It was an iconic moment in history when then President Nixon declared, “I am not a crook”. I remember this moment, even though I was…a relatively young child. I can still see his face and hear the urgency in his voice as he said these fateful words.
Some researchers believe that Nixon’s big mistake with this statement was the use of the word crook. This word seemed to stop people in their place and upon hearing it, people immediately envisioned…well…a crook. From that moment on he was never very far away from the word. It clung to him and followed him wherever he went for the rest of his life.
According to George Lakoff, author of Don’t Even Think Of An Elephant, associations like this are due to something he refers to as ‘framing’. By using the word crook, Nixon summoned the image of a crook to the American people, each creating their personal ‘frame’ and, according to Lakoff, once a frame is developed it is nearly impossible to dispel.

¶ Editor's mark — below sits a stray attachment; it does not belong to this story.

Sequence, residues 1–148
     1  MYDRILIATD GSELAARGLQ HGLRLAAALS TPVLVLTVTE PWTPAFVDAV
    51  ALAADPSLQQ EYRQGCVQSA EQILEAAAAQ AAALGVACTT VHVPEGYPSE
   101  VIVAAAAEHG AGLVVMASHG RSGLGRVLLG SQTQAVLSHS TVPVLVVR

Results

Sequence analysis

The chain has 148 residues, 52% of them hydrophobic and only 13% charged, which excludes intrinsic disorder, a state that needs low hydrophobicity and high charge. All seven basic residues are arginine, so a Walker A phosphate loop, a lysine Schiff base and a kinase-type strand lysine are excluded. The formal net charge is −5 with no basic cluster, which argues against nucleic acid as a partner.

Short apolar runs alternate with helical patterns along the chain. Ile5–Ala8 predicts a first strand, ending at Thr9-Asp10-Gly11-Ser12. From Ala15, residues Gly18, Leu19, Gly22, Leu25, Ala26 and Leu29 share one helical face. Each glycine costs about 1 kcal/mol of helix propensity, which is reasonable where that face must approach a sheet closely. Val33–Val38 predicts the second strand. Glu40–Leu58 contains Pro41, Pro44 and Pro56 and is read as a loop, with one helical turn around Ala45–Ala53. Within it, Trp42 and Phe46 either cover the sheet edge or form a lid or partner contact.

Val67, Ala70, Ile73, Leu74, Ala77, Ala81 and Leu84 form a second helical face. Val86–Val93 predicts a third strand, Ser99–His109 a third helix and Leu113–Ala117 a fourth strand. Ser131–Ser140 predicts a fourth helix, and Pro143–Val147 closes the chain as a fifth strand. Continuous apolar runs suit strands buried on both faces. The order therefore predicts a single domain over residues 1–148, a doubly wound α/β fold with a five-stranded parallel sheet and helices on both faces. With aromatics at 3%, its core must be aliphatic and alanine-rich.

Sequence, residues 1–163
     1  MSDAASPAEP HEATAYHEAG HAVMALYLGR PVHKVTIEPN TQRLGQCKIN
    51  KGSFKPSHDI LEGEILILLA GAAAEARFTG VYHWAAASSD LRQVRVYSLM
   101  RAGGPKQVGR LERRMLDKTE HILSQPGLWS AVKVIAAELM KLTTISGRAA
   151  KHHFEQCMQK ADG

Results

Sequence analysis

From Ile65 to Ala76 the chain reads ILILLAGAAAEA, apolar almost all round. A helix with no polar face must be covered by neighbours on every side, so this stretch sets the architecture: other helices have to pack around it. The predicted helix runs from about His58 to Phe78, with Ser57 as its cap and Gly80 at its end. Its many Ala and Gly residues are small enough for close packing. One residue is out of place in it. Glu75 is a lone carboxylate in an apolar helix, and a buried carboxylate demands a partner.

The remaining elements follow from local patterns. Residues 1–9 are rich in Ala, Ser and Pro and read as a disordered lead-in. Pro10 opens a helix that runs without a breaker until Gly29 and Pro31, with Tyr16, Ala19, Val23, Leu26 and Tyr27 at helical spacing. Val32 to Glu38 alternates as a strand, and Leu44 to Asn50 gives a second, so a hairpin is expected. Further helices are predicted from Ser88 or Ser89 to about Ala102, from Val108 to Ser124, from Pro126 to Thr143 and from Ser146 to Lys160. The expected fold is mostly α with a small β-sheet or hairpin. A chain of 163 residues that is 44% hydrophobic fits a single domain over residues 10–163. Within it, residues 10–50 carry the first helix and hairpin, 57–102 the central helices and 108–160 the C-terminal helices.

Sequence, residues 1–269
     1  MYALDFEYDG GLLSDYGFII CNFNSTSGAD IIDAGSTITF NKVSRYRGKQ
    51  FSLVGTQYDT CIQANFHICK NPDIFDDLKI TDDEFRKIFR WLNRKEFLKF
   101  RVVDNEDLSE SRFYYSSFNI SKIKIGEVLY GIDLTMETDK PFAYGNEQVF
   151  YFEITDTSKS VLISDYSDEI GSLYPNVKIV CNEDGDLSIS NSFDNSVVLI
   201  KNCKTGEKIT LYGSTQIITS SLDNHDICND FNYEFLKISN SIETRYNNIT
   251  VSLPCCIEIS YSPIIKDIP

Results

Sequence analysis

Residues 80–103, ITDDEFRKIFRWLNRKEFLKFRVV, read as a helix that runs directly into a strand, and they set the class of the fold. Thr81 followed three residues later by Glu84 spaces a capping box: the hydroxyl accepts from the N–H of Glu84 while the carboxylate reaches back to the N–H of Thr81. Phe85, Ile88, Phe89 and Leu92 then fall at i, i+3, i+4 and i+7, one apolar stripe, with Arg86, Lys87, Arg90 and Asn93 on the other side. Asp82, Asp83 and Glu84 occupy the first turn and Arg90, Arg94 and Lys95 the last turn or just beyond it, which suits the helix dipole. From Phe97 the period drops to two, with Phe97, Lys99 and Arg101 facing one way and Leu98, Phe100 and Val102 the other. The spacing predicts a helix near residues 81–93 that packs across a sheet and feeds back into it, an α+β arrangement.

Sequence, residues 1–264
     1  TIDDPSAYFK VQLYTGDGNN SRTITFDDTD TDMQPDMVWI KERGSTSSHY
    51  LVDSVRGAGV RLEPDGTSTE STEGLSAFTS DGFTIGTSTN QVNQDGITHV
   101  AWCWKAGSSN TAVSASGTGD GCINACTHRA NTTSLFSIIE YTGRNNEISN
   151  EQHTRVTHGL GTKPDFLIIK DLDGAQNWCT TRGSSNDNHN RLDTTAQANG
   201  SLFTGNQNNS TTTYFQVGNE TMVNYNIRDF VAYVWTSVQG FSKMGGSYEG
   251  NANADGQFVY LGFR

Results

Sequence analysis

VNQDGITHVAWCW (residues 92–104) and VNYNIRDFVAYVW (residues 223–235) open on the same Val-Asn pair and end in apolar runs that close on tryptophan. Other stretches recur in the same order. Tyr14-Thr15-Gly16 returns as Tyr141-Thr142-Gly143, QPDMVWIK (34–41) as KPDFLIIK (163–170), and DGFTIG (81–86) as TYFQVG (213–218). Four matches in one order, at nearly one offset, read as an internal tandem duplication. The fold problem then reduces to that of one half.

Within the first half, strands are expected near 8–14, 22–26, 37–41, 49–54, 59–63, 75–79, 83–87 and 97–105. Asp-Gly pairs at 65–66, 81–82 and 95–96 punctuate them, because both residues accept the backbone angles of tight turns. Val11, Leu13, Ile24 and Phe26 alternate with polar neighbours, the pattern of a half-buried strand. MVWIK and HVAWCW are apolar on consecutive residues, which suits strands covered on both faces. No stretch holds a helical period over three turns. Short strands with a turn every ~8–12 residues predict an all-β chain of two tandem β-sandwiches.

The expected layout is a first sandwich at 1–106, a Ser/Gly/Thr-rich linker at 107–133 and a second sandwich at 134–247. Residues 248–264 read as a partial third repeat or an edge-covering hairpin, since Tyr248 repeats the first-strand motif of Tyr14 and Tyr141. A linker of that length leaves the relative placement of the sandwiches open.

So, could history have been different with the selection of a different word? Likely not, but it does serve to warn us that words that strongly evoke images can pack quite a punch. In marketing we often use impactful and powerful words to evoke images that will work to our advantage. However, it’s important is to remember to use caution when using provocative words and consider how others may ‘frame’ them. The wrong word might inadvertently call out a negative connotation that could cling to a product or a company or tank a campaign.